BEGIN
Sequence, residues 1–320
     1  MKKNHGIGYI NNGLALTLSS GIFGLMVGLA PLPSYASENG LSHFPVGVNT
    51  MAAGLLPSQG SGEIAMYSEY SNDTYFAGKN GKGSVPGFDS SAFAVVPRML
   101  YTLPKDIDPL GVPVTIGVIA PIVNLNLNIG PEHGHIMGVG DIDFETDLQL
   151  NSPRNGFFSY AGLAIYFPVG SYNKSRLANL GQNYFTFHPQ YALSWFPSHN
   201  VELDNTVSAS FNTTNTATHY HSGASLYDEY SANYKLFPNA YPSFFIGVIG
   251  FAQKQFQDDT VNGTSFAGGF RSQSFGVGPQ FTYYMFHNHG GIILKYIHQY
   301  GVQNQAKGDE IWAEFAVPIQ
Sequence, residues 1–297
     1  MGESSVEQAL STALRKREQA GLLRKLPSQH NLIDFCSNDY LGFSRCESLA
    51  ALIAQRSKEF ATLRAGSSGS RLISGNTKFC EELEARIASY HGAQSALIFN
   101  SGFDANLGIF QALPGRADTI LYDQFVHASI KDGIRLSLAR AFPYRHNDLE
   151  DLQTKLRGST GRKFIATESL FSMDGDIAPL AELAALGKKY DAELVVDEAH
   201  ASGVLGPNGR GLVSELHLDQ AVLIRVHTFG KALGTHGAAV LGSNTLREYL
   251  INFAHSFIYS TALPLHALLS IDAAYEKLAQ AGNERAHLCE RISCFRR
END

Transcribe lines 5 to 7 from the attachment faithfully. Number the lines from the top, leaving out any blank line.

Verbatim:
   151  NSPRNGFFSY AGLAIYFPVG SYNKSRLANL GQNYFTFHPQ YALSWFPSHN
   201  VELDNTVSAS FNTTNTATHY HSGASLYDEY SANYKLFPNA YPSFFIGVIG
   251  FAQKQFQDDT VNGTSFAGGF RSQSFGVGPQ FTYYMFHNHG GIILKYIHQY